The Electrowetting Windmill Keeps on Turning – bringing Etulipa from Eindhoven

(Etulipa from Amsterdam would have been a better title, but to be accurate the song probably should have been Tulips from Keukenhof and that doesn’t scan!) I have been following the technology of electrowetting for nineteen years since Philips produced a paper in Nature that explained the concept. Developments from that original research have continued and the technology has got to (another) interesting point through Dutch developer, Etulipa.

The idea of electrowetting is that you can change the surface tension of a blob of liquid with a voltage. That causes the blob to flatten. If you put a reflective surface behind the blob, you can make a display and by varying the voltage fast, you can achieve ‘video compatible’ frame rates. The promise of a low power fast colour display was very attractive. The best looking low power reflective display is from E Ink, but, whatever the firm says in its press releases, suitable for video it is not as it is much too slow.

ElectrowettingThe electrowetting original concept from the Nature paper.

Philips spun off the technology in 2006 as it dropped its interest in displays and the vehicle for the further development of the technique, Liquavista, was purchased by Samsung. At the time, there were some really interesting demos at Display Week and with the backing of a display technology giant, there was a lot of optimism about the potential. However, quite quickly Samsung sold it back to its executives around 2013, and it was then bought by Amazon. However, Amazon also decided not to continue with the technology. Electrowetting seemed over.

Etulipa Sprouts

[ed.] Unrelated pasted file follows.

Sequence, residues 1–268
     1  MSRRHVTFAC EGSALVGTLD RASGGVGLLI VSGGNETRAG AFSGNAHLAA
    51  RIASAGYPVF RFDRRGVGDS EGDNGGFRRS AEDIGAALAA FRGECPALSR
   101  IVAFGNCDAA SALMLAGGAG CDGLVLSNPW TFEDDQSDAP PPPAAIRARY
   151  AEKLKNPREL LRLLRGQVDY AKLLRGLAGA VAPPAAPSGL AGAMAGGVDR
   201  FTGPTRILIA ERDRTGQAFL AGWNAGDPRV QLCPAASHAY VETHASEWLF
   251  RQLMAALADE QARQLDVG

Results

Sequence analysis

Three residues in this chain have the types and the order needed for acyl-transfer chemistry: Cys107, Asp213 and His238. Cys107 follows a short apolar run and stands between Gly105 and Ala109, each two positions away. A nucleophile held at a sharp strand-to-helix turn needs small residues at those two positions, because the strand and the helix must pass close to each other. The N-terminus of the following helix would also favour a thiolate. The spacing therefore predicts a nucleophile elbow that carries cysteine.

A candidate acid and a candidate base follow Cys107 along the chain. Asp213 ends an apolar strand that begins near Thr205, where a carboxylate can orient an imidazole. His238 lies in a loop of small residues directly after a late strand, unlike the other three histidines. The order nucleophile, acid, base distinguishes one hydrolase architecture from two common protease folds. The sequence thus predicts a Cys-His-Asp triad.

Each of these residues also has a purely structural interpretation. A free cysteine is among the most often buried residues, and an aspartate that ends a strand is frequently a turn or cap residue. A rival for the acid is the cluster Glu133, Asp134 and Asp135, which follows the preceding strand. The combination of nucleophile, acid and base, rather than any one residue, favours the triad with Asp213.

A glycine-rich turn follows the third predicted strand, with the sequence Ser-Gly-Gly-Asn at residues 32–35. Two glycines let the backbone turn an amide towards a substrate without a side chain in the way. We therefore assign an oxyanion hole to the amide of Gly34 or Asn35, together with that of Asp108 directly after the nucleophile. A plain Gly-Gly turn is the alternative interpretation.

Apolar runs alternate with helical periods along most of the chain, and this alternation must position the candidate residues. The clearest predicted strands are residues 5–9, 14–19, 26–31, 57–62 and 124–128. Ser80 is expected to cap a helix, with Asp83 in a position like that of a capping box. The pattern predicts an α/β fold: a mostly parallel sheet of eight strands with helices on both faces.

In 2016, we heard of another company, Etulipa and in 2016, I wrote about the firm’s technology and its plan to enter production, with a partner in Taiwan, to make a version of a ‘Copy Board’ – a popular feature in the US for publicising events. A few months ago, I set up a reminder to re-visit the technology as there seemed to be some interesting developments and it finally reached the top of my to-do list when the firm released news of a new display. On the back of that news, I had a chat with Hans Feil, CEO of the firm. As two veterans of the display business, our chat roamed over many areas, but I have heavily edited it to focus on the news!

Radiant eTulipaI took this picture of an Etulipa prototype on the Radiant booth at Electronica in 2016. Image:Meko

Feil explained how he first saw the electrowetting technology at an internal Philips Research demo a couple of decades ago. As I had already written about the development up to the point of the idea of the ‘Copy Board’ and as this looked like a real and promising application, I started by asking what had happened with that initiative? Feil explained that the idea hit a couple of snags early on. First, the size of the characters in the original design of display was simply too small. The US is a big place and for drivers to read this kind of copy, it needs to be big.